The carbon utilization industry has a very big plug and play into the oil and gas sector as well as infrastructure development. That is something that is a good example of how advisors will latch onto companies where they can make their own work better, whether it is environmentally or economically. Of course, it is more economic to do a lot of business with these smaller companies and bring them forward. That is really where it stems from and that is how you get that amazing advisership happening in Calgary. 

Can you describe the cleantech innovation ecosystem, the type of support that exists, and how we can ultimately attract more investment into that sector in Calgary?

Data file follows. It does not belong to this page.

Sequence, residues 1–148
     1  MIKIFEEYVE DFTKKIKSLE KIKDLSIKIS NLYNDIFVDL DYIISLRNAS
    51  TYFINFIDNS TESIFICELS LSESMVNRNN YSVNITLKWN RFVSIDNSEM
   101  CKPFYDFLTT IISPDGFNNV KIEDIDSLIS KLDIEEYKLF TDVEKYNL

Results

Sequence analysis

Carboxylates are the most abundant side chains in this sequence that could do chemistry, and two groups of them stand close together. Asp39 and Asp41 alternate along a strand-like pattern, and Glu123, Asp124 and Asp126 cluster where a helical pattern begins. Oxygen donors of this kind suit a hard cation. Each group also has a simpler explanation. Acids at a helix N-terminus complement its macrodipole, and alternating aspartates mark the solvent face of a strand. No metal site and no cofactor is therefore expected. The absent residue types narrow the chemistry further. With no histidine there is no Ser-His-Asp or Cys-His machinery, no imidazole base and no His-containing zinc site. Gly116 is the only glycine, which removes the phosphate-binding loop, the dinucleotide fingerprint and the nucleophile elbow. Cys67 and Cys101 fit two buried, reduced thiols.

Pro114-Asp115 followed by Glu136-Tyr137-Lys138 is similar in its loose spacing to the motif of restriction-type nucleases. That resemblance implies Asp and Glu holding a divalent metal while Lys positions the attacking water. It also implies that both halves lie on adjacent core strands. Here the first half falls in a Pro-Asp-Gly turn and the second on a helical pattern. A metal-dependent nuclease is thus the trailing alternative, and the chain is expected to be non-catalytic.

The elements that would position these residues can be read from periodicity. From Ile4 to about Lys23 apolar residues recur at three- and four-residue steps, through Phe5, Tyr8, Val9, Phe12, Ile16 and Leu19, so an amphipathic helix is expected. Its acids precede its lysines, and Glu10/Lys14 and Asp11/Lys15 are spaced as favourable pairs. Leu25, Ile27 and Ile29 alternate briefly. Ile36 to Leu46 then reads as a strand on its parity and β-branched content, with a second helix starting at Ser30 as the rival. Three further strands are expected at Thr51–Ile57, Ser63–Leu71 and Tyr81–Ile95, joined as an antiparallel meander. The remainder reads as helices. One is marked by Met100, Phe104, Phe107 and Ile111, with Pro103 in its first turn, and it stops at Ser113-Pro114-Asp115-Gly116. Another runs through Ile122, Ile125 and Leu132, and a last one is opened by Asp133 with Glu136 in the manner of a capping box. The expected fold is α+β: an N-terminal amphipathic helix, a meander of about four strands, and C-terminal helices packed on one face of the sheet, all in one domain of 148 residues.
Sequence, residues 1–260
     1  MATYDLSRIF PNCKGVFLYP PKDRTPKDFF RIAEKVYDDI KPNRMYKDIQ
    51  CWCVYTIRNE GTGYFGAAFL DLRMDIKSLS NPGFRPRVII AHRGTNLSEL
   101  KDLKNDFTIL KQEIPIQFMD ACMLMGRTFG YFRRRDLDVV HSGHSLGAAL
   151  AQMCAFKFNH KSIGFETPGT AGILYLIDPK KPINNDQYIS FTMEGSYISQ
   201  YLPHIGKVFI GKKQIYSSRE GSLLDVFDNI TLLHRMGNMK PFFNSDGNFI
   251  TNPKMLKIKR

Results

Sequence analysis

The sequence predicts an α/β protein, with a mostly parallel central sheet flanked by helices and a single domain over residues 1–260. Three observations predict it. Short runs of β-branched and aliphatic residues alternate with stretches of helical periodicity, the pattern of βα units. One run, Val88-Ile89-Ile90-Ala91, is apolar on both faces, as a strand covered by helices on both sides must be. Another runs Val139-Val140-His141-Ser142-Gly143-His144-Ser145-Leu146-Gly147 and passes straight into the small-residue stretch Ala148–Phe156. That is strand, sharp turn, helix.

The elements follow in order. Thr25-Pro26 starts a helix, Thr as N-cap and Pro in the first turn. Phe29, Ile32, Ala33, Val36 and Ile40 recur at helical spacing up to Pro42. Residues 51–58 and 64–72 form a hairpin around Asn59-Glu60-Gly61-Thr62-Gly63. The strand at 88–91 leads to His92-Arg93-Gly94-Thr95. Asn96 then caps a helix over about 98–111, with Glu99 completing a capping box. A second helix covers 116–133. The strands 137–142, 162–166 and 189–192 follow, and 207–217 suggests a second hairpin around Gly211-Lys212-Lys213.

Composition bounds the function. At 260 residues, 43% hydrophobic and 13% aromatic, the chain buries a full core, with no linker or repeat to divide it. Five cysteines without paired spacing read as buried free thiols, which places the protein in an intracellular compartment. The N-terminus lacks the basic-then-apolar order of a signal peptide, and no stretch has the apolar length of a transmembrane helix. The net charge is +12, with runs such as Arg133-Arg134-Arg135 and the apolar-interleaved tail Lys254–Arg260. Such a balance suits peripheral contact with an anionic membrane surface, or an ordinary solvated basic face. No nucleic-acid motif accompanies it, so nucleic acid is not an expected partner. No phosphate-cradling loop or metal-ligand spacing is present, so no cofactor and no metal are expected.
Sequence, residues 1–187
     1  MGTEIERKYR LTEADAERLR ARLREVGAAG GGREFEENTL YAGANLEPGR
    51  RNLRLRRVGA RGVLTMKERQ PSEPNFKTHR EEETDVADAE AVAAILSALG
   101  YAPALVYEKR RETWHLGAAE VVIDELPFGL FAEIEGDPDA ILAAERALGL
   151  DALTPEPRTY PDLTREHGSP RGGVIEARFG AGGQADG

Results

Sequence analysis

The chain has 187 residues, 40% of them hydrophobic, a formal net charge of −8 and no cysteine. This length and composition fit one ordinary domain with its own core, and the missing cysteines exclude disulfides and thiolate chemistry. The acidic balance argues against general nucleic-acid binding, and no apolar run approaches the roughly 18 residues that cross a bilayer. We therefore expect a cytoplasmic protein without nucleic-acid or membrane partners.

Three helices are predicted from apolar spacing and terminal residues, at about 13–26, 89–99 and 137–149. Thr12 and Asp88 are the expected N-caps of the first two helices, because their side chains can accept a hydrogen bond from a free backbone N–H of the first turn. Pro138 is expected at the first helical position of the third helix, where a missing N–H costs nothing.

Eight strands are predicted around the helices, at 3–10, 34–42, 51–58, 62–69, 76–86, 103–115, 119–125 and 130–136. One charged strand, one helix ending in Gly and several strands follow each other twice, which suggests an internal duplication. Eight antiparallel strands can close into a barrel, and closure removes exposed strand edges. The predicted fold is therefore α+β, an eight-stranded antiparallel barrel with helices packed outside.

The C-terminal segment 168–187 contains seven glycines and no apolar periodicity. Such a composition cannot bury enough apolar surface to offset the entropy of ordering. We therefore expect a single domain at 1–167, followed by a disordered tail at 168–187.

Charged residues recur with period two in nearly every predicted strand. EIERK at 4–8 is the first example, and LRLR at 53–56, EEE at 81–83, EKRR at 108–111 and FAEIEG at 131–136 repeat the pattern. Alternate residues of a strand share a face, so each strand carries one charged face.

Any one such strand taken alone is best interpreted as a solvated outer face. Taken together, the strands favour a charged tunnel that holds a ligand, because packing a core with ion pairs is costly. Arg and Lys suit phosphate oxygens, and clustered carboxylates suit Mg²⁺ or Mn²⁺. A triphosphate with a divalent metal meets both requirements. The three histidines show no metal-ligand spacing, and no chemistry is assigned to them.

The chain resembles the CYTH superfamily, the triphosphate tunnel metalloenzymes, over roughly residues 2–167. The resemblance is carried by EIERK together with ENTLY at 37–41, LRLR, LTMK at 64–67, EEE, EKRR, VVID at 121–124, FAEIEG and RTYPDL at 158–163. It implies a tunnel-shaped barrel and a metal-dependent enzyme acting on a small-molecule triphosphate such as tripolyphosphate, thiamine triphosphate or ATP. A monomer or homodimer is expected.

Calgary is starting to become more known for cleantech. Just to give you an idea, we are a top 10 finalist in the Carbon XPRIZE, which is a massive global competition. Calgary was selected for its hub and for one of the tracks to scale up carbon technologies. It was done on purpose, because Calgary has a strong ecosystem for startups in general, and the crossover into the energy sector is quite obvious. That is something that is really important for Calgary: to showcase the city as a leader in cleantech and in carbon tech, more specifically, which is what we like to call it. That is really exciting for us, to be a part of this growing industry. We have received quite a lot of support from the provincial and federal governments in the form of grants. And then there is always support from Trade Commissioners, to really try and connect outside of Canada and bring that investment in, or to help us expand our operations outwards.